Last year, I broke down the 2018 wide receiver class using breakout age and potential draft round. This year, we had a request to update the article using the 2019 class.
I am, if nothing else, always willing to tack down data for anyone. So I’m happy to oblige. It was actually a big moment for me to know someone liked it enough, not to only to remember it, but request an update. So, thanks for that.
I recommend reading the original because I include a lot of content and information about breakout age and draft round. But in an effort not to repeat myself, I won’t go into all that again here.
So, let’s take a look at the updated numbers and how they reflect on the new class of rookies.
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There haven’t been enough draft classes since 2018 to update the hit rates substantially. However, I have not been idle this year. Since I wrote the original, I have expanded my database a lot. So an update on the basic hit rates is worthwhile.
Note I changed the starting date range from the 2001 draft class to 2003. This is because I noticed some players who played in 2001 and 2002 are missing stats (because I only have college stats from 2000). To be as accurate as possible, I’ve removed any player drafted before 2003. I also removed players like Julian Edelman – who didn’t have significant receiving work in college because he was playing quarterback.
Let’s deal with some of the exceptions first. 100% of wide receivers drafted with a breakout age of 22 in the first round have hit, but that’s just one player. In fact, it’s Kelvin Benjamin.
Hopefully, that’s all the discouragement you need to believe that older breakouts are more likely to hit.
There was also only one player (drafted in the third round) with a breakout age of 23. His name was Kevin Curtis. He had two seasons with over 800 receiving yards and finally broke into the top 24 in PPR scoring in his seventh season with the Eagles. He never did anything like that again either.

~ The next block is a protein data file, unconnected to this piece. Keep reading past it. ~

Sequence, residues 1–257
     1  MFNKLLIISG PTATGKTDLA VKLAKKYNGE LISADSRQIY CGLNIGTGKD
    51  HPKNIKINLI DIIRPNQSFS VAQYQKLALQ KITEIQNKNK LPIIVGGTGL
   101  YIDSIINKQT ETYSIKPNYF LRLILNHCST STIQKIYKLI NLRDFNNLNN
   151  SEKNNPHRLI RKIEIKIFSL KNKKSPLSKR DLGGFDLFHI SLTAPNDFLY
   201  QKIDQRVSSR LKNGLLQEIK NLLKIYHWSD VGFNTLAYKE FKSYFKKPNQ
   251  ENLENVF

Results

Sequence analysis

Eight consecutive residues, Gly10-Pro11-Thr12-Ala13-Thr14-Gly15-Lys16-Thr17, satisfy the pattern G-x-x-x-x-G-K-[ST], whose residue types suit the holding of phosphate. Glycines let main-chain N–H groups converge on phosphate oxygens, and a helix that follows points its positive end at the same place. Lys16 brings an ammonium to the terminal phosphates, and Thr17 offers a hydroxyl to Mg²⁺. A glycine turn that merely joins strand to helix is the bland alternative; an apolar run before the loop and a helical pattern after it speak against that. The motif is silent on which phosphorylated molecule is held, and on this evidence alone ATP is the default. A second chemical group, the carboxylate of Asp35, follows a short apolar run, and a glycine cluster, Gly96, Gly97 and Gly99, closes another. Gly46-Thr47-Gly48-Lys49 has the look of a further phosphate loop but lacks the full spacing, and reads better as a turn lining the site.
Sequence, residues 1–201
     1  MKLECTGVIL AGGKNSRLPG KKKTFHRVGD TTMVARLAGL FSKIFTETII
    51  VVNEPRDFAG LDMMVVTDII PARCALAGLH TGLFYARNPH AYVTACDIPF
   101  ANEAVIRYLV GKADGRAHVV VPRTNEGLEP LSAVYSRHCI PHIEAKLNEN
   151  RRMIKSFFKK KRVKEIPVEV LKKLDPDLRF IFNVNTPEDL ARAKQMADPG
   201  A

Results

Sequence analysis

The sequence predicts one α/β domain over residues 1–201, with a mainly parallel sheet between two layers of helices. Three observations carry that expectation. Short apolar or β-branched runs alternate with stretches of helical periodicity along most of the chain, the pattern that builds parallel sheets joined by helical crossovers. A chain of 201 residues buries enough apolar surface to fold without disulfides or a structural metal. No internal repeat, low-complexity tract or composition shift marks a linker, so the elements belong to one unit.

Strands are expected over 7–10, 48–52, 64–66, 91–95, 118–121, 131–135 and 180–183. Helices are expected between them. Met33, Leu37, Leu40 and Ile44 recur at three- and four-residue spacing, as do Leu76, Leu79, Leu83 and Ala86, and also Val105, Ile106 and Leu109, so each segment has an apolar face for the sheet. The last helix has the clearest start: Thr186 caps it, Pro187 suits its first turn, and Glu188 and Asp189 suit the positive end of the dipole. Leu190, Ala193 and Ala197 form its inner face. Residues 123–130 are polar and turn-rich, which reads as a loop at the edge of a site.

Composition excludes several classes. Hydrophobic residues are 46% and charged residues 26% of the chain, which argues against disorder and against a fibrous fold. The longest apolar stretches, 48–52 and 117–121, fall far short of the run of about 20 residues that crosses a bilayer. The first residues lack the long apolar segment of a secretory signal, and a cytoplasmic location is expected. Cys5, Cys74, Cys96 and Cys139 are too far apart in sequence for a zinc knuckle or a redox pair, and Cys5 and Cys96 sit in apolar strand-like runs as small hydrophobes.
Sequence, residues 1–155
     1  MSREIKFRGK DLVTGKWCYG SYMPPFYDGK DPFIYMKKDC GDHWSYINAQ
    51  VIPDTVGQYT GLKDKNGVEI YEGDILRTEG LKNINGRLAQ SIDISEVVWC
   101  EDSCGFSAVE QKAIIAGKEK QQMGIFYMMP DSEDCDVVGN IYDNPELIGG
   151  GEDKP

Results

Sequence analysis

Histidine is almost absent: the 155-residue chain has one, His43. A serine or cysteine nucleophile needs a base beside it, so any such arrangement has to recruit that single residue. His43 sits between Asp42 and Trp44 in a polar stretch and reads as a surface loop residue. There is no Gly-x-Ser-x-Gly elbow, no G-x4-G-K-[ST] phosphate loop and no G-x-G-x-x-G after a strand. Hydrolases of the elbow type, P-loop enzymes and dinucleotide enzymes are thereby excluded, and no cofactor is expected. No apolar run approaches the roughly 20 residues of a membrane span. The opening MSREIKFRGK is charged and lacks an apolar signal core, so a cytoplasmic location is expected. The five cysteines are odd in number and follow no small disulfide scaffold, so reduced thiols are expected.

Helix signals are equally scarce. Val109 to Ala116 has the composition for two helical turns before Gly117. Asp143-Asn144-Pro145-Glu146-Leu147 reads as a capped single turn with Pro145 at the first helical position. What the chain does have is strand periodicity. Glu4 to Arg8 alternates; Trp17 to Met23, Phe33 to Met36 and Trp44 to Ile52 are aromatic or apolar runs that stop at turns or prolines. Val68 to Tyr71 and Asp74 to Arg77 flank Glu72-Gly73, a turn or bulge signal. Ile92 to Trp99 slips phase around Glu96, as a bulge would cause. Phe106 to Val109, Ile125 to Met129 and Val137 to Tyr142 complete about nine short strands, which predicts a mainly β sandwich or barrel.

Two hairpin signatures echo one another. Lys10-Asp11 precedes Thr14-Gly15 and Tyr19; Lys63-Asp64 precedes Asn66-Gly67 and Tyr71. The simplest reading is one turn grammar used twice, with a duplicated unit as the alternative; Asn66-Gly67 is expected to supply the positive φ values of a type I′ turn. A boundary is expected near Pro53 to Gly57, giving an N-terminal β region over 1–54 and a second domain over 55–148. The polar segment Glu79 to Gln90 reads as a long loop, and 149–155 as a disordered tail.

Okay, next, how about all those players who didn’t break out in college but still hit in the NFL?
I included Drew Bennett even though he’s not in our sample because, well, he’s in my database, so I thought you might like to know.
We can also see some clear reasons for these players not turning out in college. Wes Welker was a running back, Tyreek Hill played less because of “off-field” issues (to say the least.) Even Terrelle Pryor only had three receptions in college and probably should have been weeded out when I removed Edelman.
So few players are drafted with a breakout after the age of 21 that they can almost be seen as outliers in and of themselves. However, the exceptions are neither very attractive nor hard to explain. Wide receivers who don’t break out in college or who have very late breakouts have an uphill struggle to hit in the NFL.
The 2019 Class
Let’s see how this breaks down for the 2019 class. As with last year’s class, I made a quick reference guide for 2019 players based on draft round using all wide receivers currently ranked in DLF’s consensus rankings.
I removed the “outlier” 100% hit rates to keep them from getting in the way.
N’Keal Harry has, for a while now, stood out as the most likely player in this class to break out in the NFL. As you can see, while first-round draft capital is ideal, his potential is fairly stable all the way through the first three rounds.
However, that’s for you to decide. As I did last year, I’ve made a way for you to engage with these numbers to do just that.
Make Your Own Ranks
Slightly different from last year, this sheet will ask you to “make a copy” when you click on the link. Have no fear, this just means you’ll have your own copy that you can edit it as much as you like. You can always come back to the master copy if you need to.
It also means no one else will be able to see your ranks unless you share them.
The sheet will also calculate how your rankings relate to the current DLF consensus rookie ranks as of 3/21/2019.
I have 29 other potential NFL rookie wide receivers currently not ranked by DLF in my database. So I included them in the sheet.
These players are by far the most likely to be drafted outside of the first three rounds of the NFL draft, where hit rates are all much lower.
Hopefully, this tool can give you a picture of who is your favorite WR prospect, as well as an idea of their risk as prospects, and the potential cut-offs for their value.
Thanks for checking this out.
UDFA's matter | British ex-pat | Writer of things